"This book is full of sensible and occasionally surprising decisions, all of them elegantly expressed. It has something for everyone—theological disputation, political intrigue, spiritual insight, and a touch of drama. Woodruff Tait has managed the seemingly impossible task of distilling the church's history into a slender volume. Best of all, she imbues that history with a sense of tradition. One feels the gravity and freedom that comes with taking up the Christian tradition as one's own. This is church history as it should be, written for any and for all."
"Jennifer Woodruff Tait has given us a real gift in Christian History in Seven Sentences. This slim volume is stuffed with substance. Along with the major narratives, it includes an amazing number of brief references that connect people, movements, and ideas, and prompt further reading. The book seamlessly weaves theological explanation and historical background, reinforcing the conviction that God's actions and human agency interact mysteriously and truly for God's great saving purposes. And it's all done through sparkling prose. Lay readers will find this book a helpful introduction to Christian history, and pastors needing a refresher, a joyful goad. This is the kind of work needed to help people grow deeply in the faith."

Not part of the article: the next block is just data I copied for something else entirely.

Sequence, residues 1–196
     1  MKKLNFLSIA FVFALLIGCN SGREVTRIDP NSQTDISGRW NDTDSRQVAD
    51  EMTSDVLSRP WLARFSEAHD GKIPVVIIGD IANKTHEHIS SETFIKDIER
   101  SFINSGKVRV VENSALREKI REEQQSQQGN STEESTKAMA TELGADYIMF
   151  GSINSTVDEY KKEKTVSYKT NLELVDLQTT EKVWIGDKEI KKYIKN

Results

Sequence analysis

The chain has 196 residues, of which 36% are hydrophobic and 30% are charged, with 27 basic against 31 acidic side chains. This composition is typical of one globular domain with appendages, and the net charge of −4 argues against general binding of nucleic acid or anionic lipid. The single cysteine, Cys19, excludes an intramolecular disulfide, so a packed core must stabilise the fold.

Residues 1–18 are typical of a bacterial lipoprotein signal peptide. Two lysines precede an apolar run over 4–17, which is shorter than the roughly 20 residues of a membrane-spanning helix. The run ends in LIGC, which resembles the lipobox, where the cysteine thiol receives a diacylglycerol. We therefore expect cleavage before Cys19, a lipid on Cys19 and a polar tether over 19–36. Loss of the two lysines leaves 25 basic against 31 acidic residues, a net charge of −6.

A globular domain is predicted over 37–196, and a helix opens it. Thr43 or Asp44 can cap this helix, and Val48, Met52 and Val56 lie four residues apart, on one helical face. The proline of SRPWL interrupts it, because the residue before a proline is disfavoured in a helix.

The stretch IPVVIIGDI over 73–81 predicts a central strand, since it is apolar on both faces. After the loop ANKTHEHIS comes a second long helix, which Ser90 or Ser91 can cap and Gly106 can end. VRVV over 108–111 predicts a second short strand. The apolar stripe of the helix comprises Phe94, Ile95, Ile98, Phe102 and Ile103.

"Jennifer Woodruff Tait has expertly succeeded at the monumental task of summing up the history of Christianity in just seven formative sentences. Tait's approach is accessible, readable, and engaging. Readers will gain a clear sense of the scope and trajectory of Christianity's intricate story in broad strokes from the church's birth at Pentecost to the Edinburgh Conference and Vatican II of the twentieth century. In the end, the reader should be left without any doubt that our engagement with the Christians of the past is crucial to our lives as Christians in the present."
"Four features of this superb book stand out: First, the writing. It is consistently lucid yet thought-filled, witty yet serious. Second, the erudition. The notes and bibliographic essay alone are worth the price of admission. Third, the conciseness. Jennifer Woodruff Tait brings the entire sweep of (mostly) Western Christian history into view through the deft device of isolating, exegeting, and contextualizing key sentences in the tradition's story. Finally, the import. Foregrounding not only her own Christian faith but also the implications of such faith for the church today, Tait answers the 'So what?' question clearly, decisively, and with a pastor's heart."
1 The Edict of Milan (313)
2 The Nicene Creed (325)
3 The Rule of St. Benedict (c. 530)
4 The Excommunication of Patriarch Kerularios by Pope Leo IX via Cardinal Humbert (1054)
5 Martin Luther’s Ninety-Five Theses (1517)
6 The Edinburgh Conference (1910)
7 The Second Vatican Council (1962-1965)